If you say, “I want to see more people like me,” people read that as a personal preference and decide how your feelings stack up against personal concerns. If you say, “X implies group Y are unworthy of empathy,” people consider whether group Y are worthy of empathy.

    They work fine for an audience that is already sympathetic, but most people without a personal connection to group Y or who have some incentive to support the other side of the argument are not going to be moved.

    If you say X “is dehumanising”, the word is used frequently enough that almost everyone will understand what you mean. It also tells people what they should feel about the sentence, tapping into an Enlightenment-based humanist philosophy. It suggests to people that they should see all of humanity as their in-group and strive for life and society to be fair and just toward everyone.

    As you said earlier, most people are very susceptible to this sort of reframing/ subtext. “Dehumanising” marks a matter as an issue of justice, as everyone’s problem, not just group Y’s, in a way most alternatives don’t.

    The phrase is rhetorically effective in a way that no alternative I have seen is.

    I acknowledge that it excludes non-humans from the worthy-of-empathy sphere and that it is deeply creepy that our language dictates our ethics in this way, but it isn’t ineffective. (I do, however, find that “humanising” requires an extra moment of thought and carries no particular emotive weight.)

    • Whoops, your comment ended up in spam, and I don’t check the spam folder very often. Hence the delay in approving your comment. Sorry about that.

      I generally think that trying to persuade a group which is not already sympathetic to some degree is very difficult, and that using ‘dehumanizing’ this way is more likely to make an unsympathetic audience get defensive rather than actually reconsider their thoughts on the matter.

      • I think people get defensive regardless of the presentation, but a more emotive presentation is slightly more persuasive to the undecided and a little harder to entirely dismiss.

        I’m not saying that there aren’t other good ways to phrase such issues or good reasons to reach for other phrasings, but I do think we keep hearing “dehumanising” is because it is effective.

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  3. I don’t know how common this is, but I genuinely did feel like I wasn’t quite human before I found AVEN when I was 24 (though going back to church when I was 21 eased a lot of that tension first.) It wasn’t that I thought I didn’t have human DNA, but “human” means something bigger than just a taxonomic category. It’s got…. philosophical, metaphysical, spiritual weight? Have you ever seen discussion about language or culture or cognitive thinking that draws a distinction between what We do and what Animals do? Sometimes it’s pretty scientific sounding and they’re looking for specific genes that crate the trait in question, sometimes it’s obviously cheap pop-psychology, but it’s a line that people seem fascinated with. Of course sex isn’t generally part of how they draw that particular line, but when other people start throwing around rhetoric like “sex is an essential part of being human” it feels like a very similar line being draw in a different place. Being on the other side of that line was very real to me, and I remember feeling almost like I didn’t exist, or like I was something strange and alien under my human skin. It wasn’t always a bad feeling; sometimes I felt like I was maybe secretly better than all the real humans. But that wasn’t really any healthier.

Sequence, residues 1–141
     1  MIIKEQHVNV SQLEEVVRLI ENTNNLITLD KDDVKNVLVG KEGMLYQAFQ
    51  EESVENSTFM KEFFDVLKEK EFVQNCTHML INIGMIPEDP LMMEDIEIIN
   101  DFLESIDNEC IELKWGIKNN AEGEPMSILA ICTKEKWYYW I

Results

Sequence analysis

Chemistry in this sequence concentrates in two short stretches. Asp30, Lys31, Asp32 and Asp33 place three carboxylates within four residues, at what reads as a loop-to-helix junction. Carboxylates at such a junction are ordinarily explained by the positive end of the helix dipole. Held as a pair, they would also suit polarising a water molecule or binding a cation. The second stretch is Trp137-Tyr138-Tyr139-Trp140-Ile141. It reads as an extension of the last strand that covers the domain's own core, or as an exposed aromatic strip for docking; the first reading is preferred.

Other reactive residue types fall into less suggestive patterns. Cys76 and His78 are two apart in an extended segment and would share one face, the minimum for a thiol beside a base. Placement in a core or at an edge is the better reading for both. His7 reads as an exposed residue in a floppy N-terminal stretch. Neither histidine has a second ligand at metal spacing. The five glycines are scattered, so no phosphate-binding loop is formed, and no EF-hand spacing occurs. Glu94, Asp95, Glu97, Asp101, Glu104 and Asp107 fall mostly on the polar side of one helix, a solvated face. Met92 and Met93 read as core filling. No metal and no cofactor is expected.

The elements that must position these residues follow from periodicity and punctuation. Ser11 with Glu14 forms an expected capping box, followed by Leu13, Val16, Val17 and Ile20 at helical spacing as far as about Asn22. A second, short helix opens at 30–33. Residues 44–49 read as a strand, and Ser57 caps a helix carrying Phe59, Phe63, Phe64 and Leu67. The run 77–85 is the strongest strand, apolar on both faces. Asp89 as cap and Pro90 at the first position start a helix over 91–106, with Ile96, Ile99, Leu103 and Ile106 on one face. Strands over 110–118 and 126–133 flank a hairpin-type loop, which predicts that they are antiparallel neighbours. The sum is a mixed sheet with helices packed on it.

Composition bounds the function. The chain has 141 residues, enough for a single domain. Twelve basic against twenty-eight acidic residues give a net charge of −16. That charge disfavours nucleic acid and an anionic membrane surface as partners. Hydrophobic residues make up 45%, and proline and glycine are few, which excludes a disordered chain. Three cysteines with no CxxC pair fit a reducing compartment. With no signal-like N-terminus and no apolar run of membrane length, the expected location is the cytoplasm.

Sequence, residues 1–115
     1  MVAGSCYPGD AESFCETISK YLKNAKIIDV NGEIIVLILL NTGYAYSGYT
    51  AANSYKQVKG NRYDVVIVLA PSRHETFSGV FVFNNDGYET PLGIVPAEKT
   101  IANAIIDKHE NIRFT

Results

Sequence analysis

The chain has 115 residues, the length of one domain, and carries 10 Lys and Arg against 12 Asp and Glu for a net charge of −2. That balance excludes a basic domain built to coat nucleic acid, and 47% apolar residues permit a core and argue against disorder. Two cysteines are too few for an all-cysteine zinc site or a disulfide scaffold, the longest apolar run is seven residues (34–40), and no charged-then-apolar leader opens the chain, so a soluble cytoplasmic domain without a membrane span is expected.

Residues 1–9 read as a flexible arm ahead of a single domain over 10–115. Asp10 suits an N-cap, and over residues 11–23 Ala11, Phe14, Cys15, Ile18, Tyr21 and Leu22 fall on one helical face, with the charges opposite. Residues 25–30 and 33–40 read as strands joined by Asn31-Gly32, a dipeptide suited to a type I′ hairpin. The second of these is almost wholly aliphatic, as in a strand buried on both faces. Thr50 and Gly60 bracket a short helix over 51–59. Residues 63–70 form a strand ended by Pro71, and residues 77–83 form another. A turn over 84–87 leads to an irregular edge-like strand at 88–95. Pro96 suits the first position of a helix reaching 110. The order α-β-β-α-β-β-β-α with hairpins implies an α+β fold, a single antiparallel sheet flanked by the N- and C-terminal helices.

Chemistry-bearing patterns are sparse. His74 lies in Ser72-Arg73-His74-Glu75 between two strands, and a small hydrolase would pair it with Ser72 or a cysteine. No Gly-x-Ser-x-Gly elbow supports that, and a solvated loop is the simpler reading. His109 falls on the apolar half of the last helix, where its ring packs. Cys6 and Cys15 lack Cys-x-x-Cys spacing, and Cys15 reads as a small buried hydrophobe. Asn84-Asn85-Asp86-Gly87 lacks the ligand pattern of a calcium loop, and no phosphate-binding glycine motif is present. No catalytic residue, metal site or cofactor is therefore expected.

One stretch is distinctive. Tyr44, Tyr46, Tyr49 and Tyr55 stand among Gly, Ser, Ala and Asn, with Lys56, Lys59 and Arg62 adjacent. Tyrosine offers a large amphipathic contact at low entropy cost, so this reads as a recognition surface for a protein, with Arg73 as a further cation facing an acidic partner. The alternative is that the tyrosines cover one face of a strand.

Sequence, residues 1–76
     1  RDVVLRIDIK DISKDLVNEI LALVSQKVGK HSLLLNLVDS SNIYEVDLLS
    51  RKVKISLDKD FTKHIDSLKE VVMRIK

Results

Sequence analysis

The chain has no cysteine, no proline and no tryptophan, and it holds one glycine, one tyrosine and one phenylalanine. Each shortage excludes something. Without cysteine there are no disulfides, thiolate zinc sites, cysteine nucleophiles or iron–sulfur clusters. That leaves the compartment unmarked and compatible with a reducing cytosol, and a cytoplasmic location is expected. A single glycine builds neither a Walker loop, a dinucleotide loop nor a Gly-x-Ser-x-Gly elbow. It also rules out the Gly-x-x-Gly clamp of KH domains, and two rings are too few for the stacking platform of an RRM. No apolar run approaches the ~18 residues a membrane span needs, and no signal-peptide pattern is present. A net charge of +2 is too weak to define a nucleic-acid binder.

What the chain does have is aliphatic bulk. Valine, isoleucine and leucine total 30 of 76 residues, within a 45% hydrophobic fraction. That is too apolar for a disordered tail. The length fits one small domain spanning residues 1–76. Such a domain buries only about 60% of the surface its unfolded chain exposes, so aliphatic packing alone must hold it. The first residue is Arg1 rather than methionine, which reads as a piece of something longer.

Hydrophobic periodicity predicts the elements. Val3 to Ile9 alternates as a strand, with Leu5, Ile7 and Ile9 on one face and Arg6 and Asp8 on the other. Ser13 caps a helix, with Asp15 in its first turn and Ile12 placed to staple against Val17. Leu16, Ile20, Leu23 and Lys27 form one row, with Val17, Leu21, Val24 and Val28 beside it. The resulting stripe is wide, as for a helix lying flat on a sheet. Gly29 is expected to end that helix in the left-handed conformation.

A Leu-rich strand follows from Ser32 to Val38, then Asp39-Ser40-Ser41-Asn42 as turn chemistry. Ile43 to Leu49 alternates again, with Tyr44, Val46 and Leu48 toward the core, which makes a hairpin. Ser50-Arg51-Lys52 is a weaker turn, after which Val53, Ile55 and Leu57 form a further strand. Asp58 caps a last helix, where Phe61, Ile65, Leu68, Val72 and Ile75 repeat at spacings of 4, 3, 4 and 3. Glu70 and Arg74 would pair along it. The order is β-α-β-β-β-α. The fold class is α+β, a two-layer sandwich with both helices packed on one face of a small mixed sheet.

• This line is what I was trying to capture with my ‘in-group/out-group’ terminology (which I admit it is very clunky terminology), as well as Self/Other in the first post in this series. And I was trying to make the point that labelling one side of the line as ‘human’ and other other side of the line as ‘not human’ doesn’t make sense because 1) there are abundant examples of Homo sapiens put in the ‘out-group/Other’ side of the line and 2) there are also examples of those who are not homo sapiens being put on the in-group/Self side of the line (for example, recent research indicates that some human mothers’ brains react to their family dogs in a similar way that they react to their own human children).

      You might want to read this post by epocryphal (which makes some of the points I plan to make later in this series, and which addresses homo sapiens who do not consider themselves to be ‘human’):